A few days ago, we were all listening to a song on the radio. We couldn’t remember who was singing it.

We used to be giants
When did we stop?

So we asked Pádraig did he know. We went through the alphabet and Pádraig bleeped at the “K”.

“K” for Kennedy, Dermot Kennedy. The song was “Giants“. It was released in June 2020. Seven years after his accident.

Pádraig knows his music and who is performing it better than any of us.

Sure, we knew this all along.

You’ve got to stand for something or you’ll fall for anything.


You have to be burning with an idea, or a problem, or a wrong that you want to right.
If you’re not passionate enough from the start, you’ll never stick it out.

Steve Jobs

Whatever Steve said or did, he is right on this one.

You have to be passionate about bringing change because otherwise you’ll never stick it out.

And you can only be passionate about something if you are feeling it. If it touches you deeply. If you are as close as you can get.

Passion is “a strong and barely controllable emotion”.

There is the option of checking tickets on the train. Regulating traffic. Working in a hospital, a school, a company. Anywhere where things are clear cut, organised, well-structured, regulated, foolproof. Where you follow the rules and fit in. And be happy with that. Because it leaves you with the time to go on your annual leave. Buy a car. A TV set. Get married and maybe buy a house and have children. And be happy.

The #IronMonth is going international.

So far, 29 friends of the An Saol Foundation have registered to take on the #IronMonth Challenge. The majority in Ireland, but quite a number also on the Canary Islands. While a few of the Irish participants will no doubt opt for this year’s option of a bi-athlon, given that swimming on the Irish shores is not everybody’s cup of tea and certainly not for the faint-hearted – our friends on the Canaries have the good weather, fine beaches, and warmer waters on their side.

Is anybody out there from another country who would like to start a team or, at least, is prepared to take on the challenge themselves? Could we be so bold and aim to have five countries represented in the #IronMan Challenge?

What about our friends in Germany or the USA? Or in Norway, France, Belgium, India, Croatia, Norway or China?

If you register this week, we will send you out one of these collectors’ T-Shirts, one of a kind! If that is not an incentive!

Where else would you participate in a swim, a cycle or a run where the motto is “Leave no one behind”? Where else would you find a community-based, fully inclusive challenge like the IronMonth?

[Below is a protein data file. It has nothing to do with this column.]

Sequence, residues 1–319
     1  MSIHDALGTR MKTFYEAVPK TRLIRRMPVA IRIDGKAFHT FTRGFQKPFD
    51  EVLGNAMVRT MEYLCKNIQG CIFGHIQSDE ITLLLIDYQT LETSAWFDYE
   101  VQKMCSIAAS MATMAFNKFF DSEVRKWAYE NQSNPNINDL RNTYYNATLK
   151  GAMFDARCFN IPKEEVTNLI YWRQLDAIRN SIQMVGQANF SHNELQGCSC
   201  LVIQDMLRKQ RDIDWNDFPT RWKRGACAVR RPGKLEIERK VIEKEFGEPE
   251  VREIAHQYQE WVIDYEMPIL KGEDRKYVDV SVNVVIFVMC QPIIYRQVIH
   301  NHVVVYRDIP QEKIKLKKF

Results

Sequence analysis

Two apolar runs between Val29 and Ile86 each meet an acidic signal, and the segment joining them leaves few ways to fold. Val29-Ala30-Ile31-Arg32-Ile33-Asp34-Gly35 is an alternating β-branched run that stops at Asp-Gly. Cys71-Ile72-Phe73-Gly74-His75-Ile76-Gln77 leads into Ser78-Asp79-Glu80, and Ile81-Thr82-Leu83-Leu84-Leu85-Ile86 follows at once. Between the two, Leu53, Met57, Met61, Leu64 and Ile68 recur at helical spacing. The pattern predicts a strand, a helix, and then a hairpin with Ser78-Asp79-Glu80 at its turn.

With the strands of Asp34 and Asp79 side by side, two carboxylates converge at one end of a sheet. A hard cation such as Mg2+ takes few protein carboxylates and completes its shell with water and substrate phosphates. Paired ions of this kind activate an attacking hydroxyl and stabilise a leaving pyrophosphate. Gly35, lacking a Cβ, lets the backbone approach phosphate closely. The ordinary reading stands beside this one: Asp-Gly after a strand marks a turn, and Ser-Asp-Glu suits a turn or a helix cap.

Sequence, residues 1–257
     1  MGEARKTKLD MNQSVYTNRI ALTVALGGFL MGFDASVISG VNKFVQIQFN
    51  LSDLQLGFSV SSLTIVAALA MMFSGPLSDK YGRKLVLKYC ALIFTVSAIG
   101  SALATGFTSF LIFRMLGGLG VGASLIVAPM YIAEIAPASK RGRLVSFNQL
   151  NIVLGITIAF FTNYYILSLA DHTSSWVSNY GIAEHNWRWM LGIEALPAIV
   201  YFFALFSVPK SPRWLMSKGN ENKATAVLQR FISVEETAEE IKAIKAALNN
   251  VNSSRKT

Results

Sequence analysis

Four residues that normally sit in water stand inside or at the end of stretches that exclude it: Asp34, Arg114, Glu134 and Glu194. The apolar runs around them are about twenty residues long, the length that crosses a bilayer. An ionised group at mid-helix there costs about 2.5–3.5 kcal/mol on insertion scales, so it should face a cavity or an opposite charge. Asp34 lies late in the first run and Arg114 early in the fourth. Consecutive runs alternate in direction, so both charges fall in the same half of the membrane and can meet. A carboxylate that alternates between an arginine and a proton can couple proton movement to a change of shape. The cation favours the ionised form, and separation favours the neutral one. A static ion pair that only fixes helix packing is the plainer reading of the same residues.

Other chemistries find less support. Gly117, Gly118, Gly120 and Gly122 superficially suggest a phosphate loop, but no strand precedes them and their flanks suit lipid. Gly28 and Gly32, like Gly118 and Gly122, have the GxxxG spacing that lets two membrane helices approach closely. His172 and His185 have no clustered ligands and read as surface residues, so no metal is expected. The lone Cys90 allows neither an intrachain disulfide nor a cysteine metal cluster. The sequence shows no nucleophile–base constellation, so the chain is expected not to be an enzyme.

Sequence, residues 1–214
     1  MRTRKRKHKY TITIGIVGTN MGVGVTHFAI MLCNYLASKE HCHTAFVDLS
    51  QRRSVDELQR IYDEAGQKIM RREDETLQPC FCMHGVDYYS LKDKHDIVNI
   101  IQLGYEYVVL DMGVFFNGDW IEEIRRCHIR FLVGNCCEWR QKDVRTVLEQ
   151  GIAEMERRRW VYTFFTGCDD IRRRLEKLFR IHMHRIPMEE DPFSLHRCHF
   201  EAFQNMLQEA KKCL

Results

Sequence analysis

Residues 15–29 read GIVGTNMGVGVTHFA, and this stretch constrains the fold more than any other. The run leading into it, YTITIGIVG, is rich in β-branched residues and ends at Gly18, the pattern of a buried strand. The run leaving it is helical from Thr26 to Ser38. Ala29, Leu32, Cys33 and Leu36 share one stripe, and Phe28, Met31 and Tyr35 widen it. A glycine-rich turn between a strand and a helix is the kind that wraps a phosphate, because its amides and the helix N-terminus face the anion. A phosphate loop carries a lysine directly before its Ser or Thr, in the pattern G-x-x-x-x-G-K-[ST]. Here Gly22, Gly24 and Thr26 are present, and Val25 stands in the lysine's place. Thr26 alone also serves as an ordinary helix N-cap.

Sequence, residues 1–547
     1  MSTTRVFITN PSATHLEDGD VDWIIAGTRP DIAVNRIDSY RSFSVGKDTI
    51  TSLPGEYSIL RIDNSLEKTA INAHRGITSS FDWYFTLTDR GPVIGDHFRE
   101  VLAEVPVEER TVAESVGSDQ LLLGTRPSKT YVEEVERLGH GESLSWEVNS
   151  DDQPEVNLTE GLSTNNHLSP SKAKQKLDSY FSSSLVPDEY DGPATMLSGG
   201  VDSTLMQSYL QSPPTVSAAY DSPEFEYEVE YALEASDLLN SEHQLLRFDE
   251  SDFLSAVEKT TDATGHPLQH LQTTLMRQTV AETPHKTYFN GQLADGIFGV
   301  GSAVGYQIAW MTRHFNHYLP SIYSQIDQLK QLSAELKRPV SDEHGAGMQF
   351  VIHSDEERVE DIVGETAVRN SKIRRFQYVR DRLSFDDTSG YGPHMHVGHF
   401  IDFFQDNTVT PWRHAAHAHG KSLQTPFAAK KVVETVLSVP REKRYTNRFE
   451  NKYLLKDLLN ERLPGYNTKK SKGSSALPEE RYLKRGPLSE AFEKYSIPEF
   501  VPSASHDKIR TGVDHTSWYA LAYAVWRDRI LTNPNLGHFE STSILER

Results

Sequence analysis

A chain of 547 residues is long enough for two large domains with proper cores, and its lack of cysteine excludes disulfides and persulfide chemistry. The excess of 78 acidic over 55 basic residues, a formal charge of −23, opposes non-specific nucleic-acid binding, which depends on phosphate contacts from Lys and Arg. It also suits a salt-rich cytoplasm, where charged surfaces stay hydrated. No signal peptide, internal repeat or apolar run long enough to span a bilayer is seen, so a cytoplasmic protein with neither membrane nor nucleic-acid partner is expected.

Some of our friends in the An Saol Foundation’s Centre have already started the Challenge. We decided they should get a bit of a head start and lead by example.

You have to be burning with an idea, or a problem, or a wrong that you want to right.
If you’re not passionate enough from the start, you’ll never stick it out.

The Iron-Month gives the space and the time for everybody with the passion to complete quite a tough challenge.

The An Saol Foundation and its NeuroRehab Day Centre in Santry are advocating for those who have been left behind. We are providing a service for those who have been seen by the health system as a bad investment.

The An Saol Foundation works in a fully inclusive and transparent way, with clients, families, and staff learning from each other and supporting each other to make life and living with a severe Acquired Brain Injury not just possible, but – at least at times – enjoyable and fun.

I have learned that we are not just filling a gap in service provision but that we are also changing the prevailing culture in healthcare for those with a brain injury.

I am burning with this idea, this problem, this wrong of a culture of neglect, secrecy, distrust, and exclusion which I want to right, even in the small setting of An Saol’s Centre and with a small number of families. I have learned that I have to be passionate about this to stick it out. There are more obstacles in the way than I ever imagined. But I am passionate and fully consumed by the idea, the problem and the wrong.

I know that I am not alone.

I know that we will succeed.

Like all the participants in our first Iron-Month Challenge.

We will leave no one behind.


It’s not about how much we lost. It’s about how much we have left.
We’re the Avengers.
We gotta finish this. You trust me?

Tony Stark (Iron Man)

In 2015, Jan Frodeno from Cologne/Germany made history, becoming the first triathlete, male or female, to win both the Olympic Triathlon Gold and the Ironman World Championship title. He won the Ironman World Championship again in 2016 and in 2019.

In many of his winning races, he does not produce the race’s fastest split in any portion of the race but he is very solid throughout.

The world is mixed up. So it doesn’t really matter adding to it by mixing up a quote from Iron Man and Avenger Tony Stark with real-life super athlete Jan Frodeno.

What both of them have in common is that they’re always gonna finish what they started.

And this is what they also have in common with the participants of the —

2021 Iron-Month Challenge

While the “official” start date for the Iron-Month Challenge is Saturday, 01 May 2021, we have given some of the participants attending the An Saol Foundation’s NeuroRehab Day Centre a bit of a head start this week.

Pádraig decided to stick with the biathlon version of the Iron-Month this year.